Readability metrics are formulae for evaluating the readability of texts, usually by counting syllables, words, and sentences. Readability tests are often used as an alternative to conducting an actual statistical survey of human readers of the subject text (a readability survey). Word processing applications often have readability tests built-in, which can be deployed on documents in-editing [2].

The application of a useful readability test protocol will give a rough indication of a work’s readability, with accuracy increasing when finding the average readability of a large number of works. The tests generate a score based on characteristics such as statistical average word length (which is used as an unreliable proxy for semantic difficulty) and sentence length (as an unreliable proxy for syntactic complexity) of the work.

Some readability formulas refer to a list of words graded for difficulty. These formulas attempt to overcome the fact that some words, like “television”, are well known to younger children, but have many syllables. In practice, however, the utility of simple word and sentence length measures make them more popular for readability formulas. Scores are compared with scales based on judged linguistic difficulty or reading grade level. Many readability formulas measure word length in syllables rather than letters, but only SMOG has a computerized readability program incorporating an accurate syllable counter.The Automated Readability Index (ARI) is a readability test designed to gauge the understandability of a text. It produces an approximate representation of the US grade level needed to comprehend the text.

The formula for calculating the Automated Readability Index is given below:

4.71 (characters/words) + 0.5 (words/sentences) - 21.43

Where characters is the number of letters, numbers, and punctuation marks, words is the number of spaces, and sentences is the number of sentences.Although opinion varies on its accuracy as compared to the syllables/word and complex words indices, characters/word is often faster to calculate, as the number of characters is more readily and accurately counted by computer programs than syllables. In fact, this index was designed for real-time monitoring of readability on electric typewriters.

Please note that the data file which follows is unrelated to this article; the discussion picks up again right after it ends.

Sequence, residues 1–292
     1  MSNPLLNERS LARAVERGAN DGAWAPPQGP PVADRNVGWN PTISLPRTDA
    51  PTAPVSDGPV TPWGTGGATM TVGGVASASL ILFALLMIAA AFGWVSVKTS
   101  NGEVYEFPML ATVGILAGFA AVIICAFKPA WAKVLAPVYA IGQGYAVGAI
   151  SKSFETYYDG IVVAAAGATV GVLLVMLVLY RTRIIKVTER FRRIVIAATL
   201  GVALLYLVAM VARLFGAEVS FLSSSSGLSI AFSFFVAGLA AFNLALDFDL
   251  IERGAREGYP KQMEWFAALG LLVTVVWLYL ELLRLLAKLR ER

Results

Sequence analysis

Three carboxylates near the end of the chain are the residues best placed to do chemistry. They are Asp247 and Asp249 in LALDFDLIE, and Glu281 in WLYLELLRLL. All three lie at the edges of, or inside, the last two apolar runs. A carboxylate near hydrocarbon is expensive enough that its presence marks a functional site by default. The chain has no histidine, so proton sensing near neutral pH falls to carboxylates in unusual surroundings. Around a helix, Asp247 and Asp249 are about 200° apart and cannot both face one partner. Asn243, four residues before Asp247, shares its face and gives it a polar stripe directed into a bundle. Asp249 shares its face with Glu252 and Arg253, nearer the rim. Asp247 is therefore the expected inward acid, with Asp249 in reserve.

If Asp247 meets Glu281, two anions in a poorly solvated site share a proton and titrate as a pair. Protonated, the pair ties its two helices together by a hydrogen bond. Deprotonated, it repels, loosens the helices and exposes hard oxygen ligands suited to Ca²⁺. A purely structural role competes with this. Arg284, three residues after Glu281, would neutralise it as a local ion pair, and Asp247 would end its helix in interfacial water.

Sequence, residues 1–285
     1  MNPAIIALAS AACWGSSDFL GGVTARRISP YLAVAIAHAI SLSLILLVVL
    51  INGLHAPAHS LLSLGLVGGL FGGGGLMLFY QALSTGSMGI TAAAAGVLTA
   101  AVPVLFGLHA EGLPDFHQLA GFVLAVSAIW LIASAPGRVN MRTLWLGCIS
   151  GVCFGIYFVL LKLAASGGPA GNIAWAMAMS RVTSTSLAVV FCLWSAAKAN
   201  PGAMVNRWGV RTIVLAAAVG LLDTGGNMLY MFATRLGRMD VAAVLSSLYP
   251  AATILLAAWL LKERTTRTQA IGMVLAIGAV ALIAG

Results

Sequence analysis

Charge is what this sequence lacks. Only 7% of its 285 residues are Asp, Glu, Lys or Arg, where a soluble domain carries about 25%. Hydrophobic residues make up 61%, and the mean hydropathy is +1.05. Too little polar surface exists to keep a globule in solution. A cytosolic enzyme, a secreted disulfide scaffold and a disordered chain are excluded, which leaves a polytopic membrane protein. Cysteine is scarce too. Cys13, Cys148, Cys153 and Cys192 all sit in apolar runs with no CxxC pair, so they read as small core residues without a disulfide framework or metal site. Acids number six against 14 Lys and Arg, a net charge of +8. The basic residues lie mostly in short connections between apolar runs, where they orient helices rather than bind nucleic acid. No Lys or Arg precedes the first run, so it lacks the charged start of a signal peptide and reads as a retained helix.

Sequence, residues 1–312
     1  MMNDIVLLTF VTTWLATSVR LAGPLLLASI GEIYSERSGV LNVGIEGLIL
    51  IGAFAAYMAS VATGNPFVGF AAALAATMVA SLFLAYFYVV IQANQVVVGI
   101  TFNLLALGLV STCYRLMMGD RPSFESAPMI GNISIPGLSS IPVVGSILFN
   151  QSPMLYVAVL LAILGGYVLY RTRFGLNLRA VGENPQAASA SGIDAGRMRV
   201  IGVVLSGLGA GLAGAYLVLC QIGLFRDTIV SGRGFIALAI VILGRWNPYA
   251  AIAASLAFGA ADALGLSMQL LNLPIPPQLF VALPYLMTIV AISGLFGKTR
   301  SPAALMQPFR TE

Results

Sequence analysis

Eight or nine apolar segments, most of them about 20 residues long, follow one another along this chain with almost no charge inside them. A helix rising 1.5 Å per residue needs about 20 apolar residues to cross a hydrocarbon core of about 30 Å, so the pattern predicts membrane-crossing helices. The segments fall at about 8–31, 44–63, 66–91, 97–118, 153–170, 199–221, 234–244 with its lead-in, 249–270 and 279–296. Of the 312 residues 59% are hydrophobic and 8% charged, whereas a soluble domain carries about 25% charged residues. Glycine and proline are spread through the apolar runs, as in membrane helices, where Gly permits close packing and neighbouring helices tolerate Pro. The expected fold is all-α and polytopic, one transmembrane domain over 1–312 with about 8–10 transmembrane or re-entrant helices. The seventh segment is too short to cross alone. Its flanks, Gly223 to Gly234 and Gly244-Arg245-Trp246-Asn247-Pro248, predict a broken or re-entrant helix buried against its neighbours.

In linguistics, the Gunning Fog Index measures the readability of English writing. The index estimates the years of formal education needed to understand the text on a first reading [3]. A fog index of 12 requires the reading level of a U.S. high school senior (around 18 years old). The test was developed by Robert Gunning, an American businessman, in 1952.

The fog index is commonly used to confirm that text can be read easily by the intended audience. Texts for a wide audience generally need a fog index less than 12. Texts requiring near-universal understanding generally need an index less than 8. While fog index is a good sign of hard-to-read text, it has limits. Not all complex words are difficult. A short word can be difficult if it is not used very often by most people.The frequency with which words are in normal use affects the readability of text[4].

The complete formula is:

0.4 [(words/sentences) + 100 ((complex words)/words)]

 

Materials and Methods

 

Galen Medical Journal (GMJ) represents an Iranian research journal rich in original articles by Fasa University of Medical Sciences affiliated with Shiraz University of Medical Sciences. All technical texts produced by scholars in this journal form a unique medical discourse. To pinpoint discourse attributes of these texts, researchers took article titles as a true yardstick for comprehension starting point. It is assumed that inferences made from titles will facilitate later comprehension [7]. 100 article titles were randomly chosen within a four-year period of publication by this scholarly journal. These titles were then fed into Advanced Text Analyzer one by one. This software could be reached at http://www.usingenglish.com

Each title was considered a full affirmative sentence to provide this software with real input. It automatically calculates the following linguistic variables:

 

Title Length

Most readability formulas use the number of words in a sentence to measure its difficulty. Yet, in some cases a short sentence can be harder to read than a long one. Comprehension can sometimes be facilitated by longer sentences, especially those that contain coordinate structures. Contemporary style guides generally recommend varying the length of sentences to avoid monotony and achieve appropriate emphasis.